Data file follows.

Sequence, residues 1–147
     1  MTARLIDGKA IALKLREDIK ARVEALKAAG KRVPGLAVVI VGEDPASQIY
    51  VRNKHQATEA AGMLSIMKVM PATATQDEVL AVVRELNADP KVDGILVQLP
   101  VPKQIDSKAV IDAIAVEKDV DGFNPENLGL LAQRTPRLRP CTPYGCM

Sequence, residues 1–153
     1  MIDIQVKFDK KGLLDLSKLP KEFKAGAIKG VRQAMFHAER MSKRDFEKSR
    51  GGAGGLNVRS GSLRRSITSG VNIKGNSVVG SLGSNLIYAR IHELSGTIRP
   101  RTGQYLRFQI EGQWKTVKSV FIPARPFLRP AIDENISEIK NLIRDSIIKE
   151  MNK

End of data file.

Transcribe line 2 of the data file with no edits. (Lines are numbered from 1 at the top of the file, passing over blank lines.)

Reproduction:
     1  MTARLIDGKA IALKLREDIK ARVEALKAAG KRVPGLAVVI VGEDPASQIY